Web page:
``I certainly don't have the answer. The families having a spaghetti dinner so they can watch their son play in the national championship game, that's not right.''

The Gainesville Sun offered an insightful analysis of the of inequality exposed by the controversy.
...when Meyer was pressed on the issue, he said players receive money for expenses before bowl games. He finally offered some criticism of a system that doesn't allow fundraisers to help players' families travel to games.

UF players received a total of $300 for meals and other expenses the week they spent in Arizona. As a reward for participating in the game, organizers give them a portable XM satellite radio and a Tourneau watch, gifts that fetch hundreds of dollars in stores.

Meyer, by contrast, received a bonus of $150,000 for appearing in the game and would receive at least another $75,000 for winning. That's on top of more than $1.5 million in salary this year, which is part of a seven-year, $14 million deal.
The game had a payout of $14 million to $17 million per school. The money is divided evenly between the Southeastern Conference and its dozen member schools, which also split $6 million for Louisiana State's appearance in the Sugar Bowl.

I understand the goals the NCAA is going after here... but a college athlete could suffer a career ending injury at any time, I agree with Nathan Crabbe "letting athletes share in the wealth when it's being created seems to me like something worth talking about."

Monday, January 8

Making the case for admin costs

In case you missed it, Rachel Emma Silverman and Sally Beatty at The Wall Street Journal had an interesting article two weeks ago on the increasing need for charities to find donors who understand the need for unrestricted flexible donations.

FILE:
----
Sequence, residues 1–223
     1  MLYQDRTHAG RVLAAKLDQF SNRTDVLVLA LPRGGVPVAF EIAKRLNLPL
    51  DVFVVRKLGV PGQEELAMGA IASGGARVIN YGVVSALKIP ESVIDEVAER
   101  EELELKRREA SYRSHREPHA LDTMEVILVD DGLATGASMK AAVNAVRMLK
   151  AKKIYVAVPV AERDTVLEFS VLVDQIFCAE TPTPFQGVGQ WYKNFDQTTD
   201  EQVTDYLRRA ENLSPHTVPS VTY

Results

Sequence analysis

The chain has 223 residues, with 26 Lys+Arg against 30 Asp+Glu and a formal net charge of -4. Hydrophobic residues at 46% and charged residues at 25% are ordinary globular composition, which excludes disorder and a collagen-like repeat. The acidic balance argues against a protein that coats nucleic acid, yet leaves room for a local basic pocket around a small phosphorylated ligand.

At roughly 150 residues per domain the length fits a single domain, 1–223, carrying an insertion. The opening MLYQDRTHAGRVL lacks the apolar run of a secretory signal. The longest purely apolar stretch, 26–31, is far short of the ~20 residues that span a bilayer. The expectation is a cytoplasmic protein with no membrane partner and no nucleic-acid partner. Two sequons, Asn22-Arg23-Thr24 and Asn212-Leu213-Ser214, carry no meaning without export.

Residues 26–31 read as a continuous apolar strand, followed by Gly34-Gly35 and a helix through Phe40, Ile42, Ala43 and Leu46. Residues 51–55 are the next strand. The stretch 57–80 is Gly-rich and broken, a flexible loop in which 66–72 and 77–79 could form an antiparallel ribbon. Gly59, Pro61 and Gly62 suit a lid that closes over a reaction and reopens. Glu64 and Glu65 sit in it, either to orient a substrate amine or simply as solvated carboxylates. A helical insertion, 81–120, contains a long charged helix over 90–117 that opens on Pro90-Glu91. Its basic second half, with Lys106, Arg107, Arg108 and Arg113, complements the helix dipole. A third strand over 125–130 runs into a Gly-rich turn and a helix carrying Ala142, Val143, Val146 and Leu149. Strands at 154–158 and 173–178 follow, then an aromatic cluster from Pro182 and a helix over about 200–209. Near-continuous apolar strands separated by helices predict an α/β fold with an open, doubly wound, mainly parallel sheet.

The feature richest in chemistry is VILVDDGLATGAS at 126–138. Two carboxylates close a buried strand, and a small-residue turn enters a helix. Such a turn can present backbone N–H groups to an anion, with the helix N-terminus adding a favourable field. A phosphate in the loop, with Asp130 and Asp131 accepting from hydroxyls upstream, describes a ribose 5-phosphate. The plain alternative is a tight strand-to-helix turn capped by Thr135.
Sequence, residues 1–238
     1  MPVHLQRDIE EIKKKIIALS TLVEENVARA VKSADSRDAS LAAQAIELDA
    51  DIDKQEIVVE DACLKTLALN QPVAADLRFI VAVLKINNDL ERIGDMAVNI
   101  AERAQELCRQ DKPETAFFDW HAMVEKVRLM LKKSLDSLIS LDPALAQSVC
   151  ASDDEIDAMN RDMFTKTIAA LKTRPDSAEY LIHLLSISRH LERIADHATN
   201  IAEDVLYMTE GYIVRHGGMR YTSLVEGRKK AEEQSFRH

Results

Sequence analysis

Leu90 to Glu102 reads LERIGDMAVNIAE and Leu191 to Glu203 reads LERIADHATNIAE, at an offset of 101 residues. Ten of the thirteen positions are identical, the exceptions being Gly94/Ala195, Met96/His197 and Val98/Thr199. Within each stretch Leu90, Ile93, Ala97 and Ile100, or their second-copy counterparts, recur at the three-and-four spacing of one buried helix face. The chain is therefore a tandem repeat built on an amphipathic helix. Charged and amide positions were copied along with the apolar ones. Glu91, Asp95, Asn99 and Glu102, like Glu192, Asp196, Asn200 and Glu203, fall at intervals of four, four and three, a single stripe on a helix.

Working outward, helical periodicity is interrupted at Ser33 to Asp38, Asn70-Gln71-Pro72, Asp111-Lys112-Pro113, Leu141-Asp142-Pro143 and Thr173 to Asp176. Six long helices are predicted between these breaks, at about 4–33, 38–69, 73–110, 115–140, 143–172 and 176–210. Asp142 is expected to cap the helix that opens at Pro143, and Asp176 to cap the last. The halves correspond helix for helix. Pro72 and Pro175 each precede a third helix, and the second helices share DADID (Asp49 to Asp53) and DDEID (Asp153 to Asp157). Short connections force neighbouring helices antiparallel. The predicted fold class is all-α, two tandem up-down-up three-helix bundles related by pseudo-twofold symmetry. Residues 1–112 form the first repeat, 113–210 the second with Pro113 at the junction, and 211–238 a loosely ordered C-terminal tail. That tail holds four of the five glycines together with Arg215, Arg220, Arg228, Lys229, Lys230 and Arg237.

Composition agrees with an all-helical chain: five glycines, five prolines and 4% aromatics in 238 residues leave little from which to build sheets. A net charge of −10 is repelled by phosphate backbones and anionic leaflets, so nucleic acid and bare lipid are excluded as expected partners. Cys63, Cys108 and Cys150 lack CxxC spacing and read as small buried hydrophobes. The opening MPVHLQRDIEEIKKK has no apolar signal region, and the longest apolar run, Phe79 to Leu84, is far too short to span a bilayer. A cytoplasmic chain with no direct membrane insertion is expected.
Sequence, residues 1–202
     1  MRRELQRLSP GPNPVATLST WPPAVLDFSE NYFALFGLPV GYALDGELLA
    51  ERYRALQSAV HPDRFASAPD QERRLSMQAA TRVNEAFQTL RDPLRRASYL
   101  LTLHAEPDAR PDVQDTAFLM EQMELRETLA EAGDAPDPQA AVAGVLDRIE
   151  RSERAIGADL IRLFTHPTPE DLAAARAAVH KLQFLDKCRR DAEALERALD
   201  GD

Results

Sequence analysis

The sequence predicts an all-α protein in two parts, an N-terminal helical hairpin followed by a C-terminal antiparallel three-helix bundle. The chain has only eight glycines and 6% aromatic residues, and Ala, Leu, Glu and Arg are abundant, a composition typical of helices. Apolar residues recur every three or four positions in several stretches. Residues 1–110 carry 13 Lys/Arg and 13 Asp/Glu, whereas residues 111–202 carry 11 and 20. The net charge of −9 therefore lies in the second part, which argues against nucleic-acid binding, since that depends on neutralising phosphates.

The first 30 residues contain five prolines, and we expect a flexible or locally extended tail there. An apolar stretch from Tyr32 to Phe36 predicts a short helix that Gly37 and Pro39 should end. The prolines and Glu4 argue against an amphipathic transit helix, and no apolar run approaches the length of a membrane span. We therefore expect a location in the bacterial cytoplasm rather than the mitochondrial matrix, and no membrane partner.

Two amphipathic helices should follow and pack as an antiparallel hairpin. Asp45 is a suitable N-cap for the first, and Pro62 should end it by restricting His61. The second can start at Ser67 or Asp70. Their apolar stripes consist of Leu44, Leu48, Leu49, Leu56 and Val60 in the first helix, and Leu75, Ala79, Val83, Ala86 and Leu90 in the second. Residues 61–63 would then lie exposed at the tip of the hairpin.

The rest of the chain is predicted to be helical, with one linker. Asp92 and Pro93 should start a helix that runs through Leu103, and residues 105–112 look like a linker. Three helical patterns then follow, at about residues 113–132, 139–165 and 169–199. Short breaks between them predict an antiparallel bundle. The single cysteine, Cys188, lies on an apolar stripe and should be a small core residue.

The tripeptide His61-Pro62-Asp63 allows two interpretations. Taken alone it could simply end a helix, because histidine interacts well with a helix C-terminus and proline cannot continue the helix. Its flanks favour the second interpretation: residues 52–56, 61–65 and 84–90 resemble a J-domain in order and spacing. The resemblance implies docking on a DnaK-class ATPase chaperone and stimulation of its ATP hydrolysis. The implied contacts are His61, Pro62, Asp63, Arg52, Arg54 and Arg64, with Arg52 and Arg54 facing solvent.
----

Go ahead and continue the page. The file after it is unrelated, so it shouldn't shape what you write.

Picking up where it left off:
In recent years, many donors have been critical of charities that spend money on themselves, rather than on delivering services to needy beneficiaries. Many givers have chosen to support charities that spend only a tiny fraction of their budget on overhead expenses, such as staff pay and facilities, while others have imposed restrictions on how their gifts could be spent. Such selective giving has been made easier by a host of recent charity-watchdog Web sites that evaluate how leanly and efficiently charities operate.

But now, nonprofits are trying to convince donors that spending money on overhead isn't such a bad thing. Indeed, some charities have begun seeking gifts specifically to help fund overhead expenses. Charities argue that they need to spend significant sums of money on administration and fund raising in order to grow and to attract quality staffers. Costs also are rising: New federal rules require some charities to update their governance and accounting procedures. And philanthropy advisers say finances are only one measure worth watching; donors also must consider how effective a charity is at its purported mission.